Wokingham seeks to become a “Marmot” borough in order to tackle health inequalities.

19 Jan 2024
Clive Jones talking to a young family

At a meeting of Wokingham Borough Council on Thursday 19 January, councillors voted to adopt a proposal for Wokingham to become a “Marmot” borough in order to reduce health inequalities and give everyone better opportunities and life chances.

The proposal came from Prue Bray, the Liberal Democrat Deputy Leader of Wokingham Borough Council and is based on recommendation from a report produced by Professor Michael Marmot in 2010 called “Fair Society, Healthy Lives”.

That report showed that there is an association between health and wealth, and that tackling poverty and tackling poor health should be done together, along with promoting sustainability. The first step towards becoming a Marmot borough is to formally adopt the six principles recommended by the report to guide council decision making. They are:

  • Give every child the best start in life

  • Enable all children, young people and adults to maximise their capabilities and have control over their lives

  • Create fair employment and good work for all

  • Ensure healthy standard of living for all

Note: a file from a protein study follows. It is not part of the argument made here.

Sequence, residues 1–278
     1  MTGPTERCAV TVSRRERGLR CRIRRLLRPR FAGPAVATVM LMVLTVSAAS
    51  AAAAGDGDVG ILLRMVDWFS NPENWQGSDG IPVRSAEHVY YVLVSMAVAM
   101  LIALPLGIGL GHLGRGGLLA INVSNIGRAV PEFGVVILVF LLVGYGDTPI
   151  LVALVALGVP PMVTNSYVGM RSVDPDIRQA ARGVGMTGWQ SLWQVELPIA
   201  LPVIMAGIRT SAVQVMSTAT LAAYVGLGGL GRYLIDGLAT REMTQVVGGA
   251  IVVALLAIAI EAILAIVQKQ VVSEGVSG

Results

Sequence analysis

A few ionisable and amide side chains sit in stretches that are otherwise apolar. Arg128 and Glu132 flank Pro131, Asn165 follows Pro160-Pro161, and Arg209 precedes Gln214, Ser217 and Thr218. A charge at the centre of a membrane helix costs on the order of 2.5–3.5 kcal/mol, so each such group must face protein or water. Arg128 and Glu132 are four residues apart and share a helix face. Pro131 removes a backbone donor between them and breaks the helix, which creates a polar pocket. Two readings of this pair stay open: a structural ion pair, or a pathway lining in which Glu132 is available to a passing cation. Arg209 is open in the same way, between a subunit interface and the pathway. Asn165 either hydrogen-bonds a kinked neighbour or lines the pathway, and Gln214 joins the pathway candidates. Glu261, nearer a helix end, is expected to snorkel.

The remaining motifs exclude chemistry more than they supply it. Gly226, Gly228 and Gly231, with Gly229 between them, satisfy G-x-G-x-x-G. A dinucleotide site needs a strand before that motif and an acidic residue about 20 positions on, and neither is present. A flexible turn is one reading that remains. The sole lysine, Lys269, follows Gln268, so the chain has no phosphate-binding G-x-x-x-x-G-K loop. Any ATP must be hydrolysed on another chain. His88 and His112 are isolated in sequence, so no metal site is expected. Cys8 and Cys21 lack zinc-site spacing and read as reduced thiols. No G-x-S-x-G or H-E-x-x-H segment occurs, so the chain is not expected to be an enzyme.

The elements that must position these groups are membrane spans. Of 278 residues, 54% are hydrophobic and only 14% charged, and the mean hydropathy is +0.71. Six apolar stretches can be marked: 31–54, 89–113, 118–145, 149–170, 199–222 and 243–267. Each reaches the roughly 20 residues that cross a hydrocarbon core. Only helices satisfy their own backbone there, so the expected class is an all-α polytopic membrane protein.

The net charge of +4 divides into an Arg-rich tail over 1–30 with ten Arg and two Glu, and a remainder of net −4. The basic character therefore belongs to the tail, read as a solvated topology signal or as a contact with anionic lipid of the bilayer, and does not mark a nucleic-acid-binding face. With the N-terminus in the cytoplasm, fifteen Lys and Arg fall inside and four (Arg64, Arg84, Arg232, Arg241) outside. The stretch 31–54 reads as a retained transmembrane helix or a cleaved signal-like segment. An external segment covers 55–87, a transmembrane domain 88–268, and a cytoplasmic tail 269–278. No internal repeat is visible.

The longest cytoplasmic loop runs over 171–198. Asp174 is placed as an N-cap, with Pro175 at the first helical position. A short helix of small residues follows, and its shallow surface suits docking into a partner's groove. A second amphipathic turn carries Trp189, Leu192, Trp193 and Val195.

• Create and develop healthy and sustainable places and communities

  • Strengthen the role and impact of ill-health prevention

Prue Bray, Deputy Leader of Wokingham Borough Council said,

“The good news is that many of the things Professor Marmot suggests are things the council is already aiming to do. Following these principles will produce the best outcomes for people, and make the most efficient use of scarce resources to help those who need it the most, and ensure we all have a thriving future.”


This website uses cookies

Like most websites, this site uses cookies. Some are required to make it work, while others are used for statistical or marketing purposes. If you choose not to allow cookies some features may not be available, such as content from other websites. Please read our Cookie Policy for more information.

Essential cookies enable basic functions and are necessary for the website to function properly.
Statistics cookies collect information anonymously. This information helps us to understand how our visitors use our website.
Marketing cookies are used by third parties or publishers to display personalized advertisements. They do this by tracking visitors across websites.